Over the duration of the trial, 37 different clinicians from 8 teams referred 54 young people. Of the 54 referrals, 4 did not meet the inclusion criteria, we were unable to contact 3 referrals, 2 dropped out of CAMHS before they could consent, and 1 declined to participate. The remaining 44 completed baseline assessments. Participants were predominantly girls 90% (40/44) with an average age of 15.98 years (standard deviation, SD=1.37) with 68% (30/44) having self-harmed at least once in the 4 weeks before starting the trial. At baseline, using recommended cut-offs, 95% (42/44) scored 29 or more on the MFQ, suggesting probable depression. Using age- and gender-adjusted cut-offs on the RCADS, 84% (37/44) screened positive for one or more anxiety disorders, and 84% (37/44) scored above cut-offs on the SDQ for a probable emotional disorder. On the RCADS, 94% (16/17) of parents rated their child above the cut-off for depression, and 88% (16/18) scored their child above the cut-off on the SDQ for significant emotional problems.
Postfamiliarization interviews were conducted with 90% (40/44) of participants. Of these, 92% (37/40) elected to use BlueIce, with post use interviews being conducted with 82% (33/40) of participants.
Summary of Themes
From these data, 6 key themes emerged: (1) appraisal of BlueIce, (2) usability of BlueIce, (3) safety (4) benefits of BlueIce, (5) agency and control, and (6) BlueIce less helpful.details each theme including a definition and subthemes contained within.
Appraisal of BlueIce
Young people frequently reported that they found BlueIce to be helpful. The app was judged to provide a range of different techniques and strategies that offered a variety of options to manage self-harming urges. This accessibility and variety was valued by young people:
I’ve found it really helpful because I’ve tried using other apps and stuff but they only really cover like one aspect of what BlueIce offers…having app where there’s everything that you need like a little tool kit I think that’s really helpful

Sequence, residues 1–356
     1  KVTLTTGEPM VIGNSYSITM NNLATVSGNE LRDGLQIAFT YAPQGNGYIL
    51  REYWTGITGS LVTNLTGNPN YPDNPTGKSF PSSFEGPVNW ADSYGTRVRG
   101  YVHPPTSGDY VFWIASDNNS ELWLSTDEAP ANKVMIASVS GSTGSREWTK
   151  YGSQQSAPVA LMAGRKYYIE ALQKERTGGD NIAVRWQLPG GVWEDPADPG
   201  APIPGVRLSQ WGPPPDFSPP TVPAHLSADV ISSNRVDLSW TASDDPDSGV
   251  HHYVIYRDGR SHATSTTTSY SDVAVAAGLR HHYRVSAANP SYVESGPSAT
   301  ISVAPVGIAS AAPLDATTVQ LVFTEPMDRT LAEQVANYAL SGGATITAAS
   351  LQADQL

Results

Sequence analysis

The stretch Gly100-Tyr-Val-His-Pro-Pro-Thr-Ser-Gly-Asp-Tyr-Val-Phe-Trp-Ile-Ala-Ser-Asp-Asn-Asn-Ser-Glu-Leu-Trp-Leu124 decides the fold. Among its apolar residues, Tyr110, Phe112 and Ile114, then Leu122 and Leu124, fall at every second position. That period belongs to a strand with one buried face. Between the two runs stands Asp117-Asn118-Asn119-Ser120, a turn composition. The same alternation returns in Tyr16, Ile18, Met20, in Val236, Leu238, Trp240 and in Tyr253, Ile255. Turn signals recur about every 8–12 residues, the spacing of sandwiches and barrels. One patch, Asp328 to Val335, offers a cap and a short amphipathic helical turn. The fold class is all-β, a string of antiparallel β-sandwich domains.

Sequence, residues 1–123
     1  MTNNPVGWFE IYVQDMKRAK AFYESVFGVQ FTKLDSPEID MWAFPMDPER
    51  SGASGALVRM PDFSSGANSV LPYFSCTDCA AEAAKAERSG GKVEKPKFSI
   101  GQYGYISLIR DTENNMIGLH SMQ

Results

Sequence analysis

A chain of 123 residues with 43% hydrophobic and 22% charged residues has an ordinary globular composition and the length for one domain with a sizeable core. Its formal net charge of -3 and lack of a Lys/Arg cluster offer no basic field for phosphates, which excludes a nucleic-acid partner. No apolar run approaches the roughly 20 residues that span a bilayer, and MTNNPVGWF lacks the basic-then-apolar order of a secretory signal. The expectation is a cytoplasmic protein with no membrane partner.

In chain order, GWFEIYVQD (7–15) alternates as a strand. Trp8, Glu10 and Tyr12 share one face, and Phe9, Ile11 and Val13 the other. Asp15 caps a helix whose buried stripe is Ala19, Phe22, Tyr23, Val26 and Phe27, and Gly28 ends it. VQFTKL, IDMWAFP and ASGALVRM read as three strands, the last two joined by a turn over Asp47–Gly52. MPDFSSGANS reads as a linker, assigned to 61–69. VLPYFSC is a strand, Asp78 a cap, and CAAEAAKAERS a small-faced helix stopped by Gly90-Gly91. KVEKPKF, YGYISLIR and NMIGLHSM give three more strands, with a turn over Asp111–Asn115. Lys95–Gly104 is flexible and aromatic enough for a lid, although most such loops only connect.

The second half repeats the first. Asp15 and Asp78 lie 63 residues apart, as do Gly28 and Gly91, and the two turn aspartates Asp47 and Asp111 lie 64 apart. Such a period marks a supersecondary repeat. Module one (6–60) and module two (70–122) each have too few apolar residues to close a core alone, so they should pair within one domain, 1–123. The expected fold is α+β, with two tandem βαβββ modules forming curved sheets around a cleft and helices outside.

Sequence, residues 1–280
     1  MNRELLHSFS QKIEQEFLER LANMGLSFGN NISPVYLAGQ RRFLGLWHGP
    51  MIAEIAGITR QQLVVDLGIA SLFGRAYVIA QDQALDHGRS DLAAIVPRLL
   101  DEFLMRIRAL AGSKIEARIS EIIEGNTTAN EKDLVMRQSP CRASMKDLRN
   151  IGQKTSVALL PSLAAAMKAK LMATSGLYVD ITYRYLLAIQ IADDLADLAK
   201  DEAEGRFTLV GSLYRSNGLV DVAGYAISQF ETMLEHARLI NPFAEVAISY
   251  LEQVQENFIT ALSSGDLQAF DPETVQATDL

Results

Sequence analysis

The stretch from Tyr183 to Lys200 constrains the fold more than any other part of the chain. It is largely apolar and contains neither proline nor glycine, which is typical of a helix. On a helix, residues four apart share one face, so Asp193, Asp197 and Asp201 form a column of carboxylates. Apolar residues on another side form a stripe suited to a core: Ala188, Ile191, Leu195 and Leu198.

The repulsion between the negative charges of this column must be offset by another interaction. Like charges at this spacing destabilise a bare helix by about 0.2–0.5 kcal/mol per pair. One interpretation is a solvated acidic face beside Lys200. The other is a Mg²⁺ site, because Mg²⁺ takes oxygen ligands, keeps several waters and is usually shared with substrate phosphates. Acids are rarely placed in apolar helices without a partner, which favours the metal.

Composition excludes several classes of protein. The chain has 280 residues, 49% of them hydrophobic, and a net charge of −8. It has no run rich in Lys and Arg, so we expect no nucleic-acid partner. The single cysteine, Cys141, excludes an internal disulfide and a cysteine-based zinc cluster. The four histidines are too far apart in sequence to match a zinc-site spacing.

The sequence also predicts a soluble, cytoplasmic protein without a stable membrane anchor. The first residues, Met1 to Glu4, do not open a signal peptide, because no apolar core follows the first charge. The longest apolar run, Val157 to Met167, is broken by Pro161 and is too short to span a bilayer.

[Participant number 142]
An overwhelming majority of young people would recommend BlueIce to others who were self-harming. The 7 young people who reported that their self-harm did not reduce after using the app would still recommend BlueIce to others. They recognized that it could be beneficial for other people even though it did not directly benefit them.
Many young people also reported that BlueIce might benefit a wide range of people, not only those struggling with thoughts to self-harm:
My mum has quite a few mental illnesses and she had a look at the app and she actually really liked it as well so I don’t know if it would be available to adults as well?
[Participant number 120]
BlueIce was designed to be discreet and not draw attention to or expose the young person’s difficulties if someone else were to pick up their phone. This privacy was reported to be a significant benefit of the app:
It’s perfectly discreet and like it doesn’t have to be something that has to be hidden…it’s just, I like the design of it, I think it’s very well designed
[Participant number 111]
Young people also commented that they would like the ability to personalize BlueIce even more, and some noted the potential benefit of adding games into the app as another distraction technique:
Being able to personalise the colour, I thought that would be quite cool.
[Participant number 113]
Usability of BlueIce
Many young people who used BlueIce described the app as being easy to use, accessible, simple, and easy to navigate around. This ease of use was valued by participants as they did not want to add further stress to their situation:
It was really easy to get into and start using if you know what I mean, it was like once you knew how to use it, it was really easy.
[Participant number 126]
The young people who had BlueIce loaded on their own phone reported having the app on their device was convenient. This was because they had immediate access to the app and they could easily personalize the music and photo libraries from files already on their phone. Not being able to access BlueIce on their own device was a significant barrier to engagement for those participants who were provided an Android phone.
|Appraisal of BlueIce||Indicators of BlueIce acceptability|
|Usability of BlueIce||Ease and patterns of BlueIce usage|
|Safety and impact of BlueIce on self-harm||Indicators of BlueIce safety and purpose fulfillment|
|Benefits of BlueIce||Reported cognitive, behavioral, and affective benefits of using BlueIce|
|Agency and control||Perceived lack of ability to control self-harm urges and control emotion regulation|
|BlueIce less helpful||Experiences of participants for whom BlueIce did not reduce self-harm|
aCAMHS: child and adolescent mental health services.
Situational barriers were also reported by young people, for example, being in a situation in which using BlueIce would have drawn attention to themselves or a situation in which they were unable to implement the strategies in the app (being at school, nighttime, parents being present):
It happened a few times because the worst place is at school. And I usually didn’t bring the phone to school or didn’t want to get it out halfway through lesson
[Participant number 162]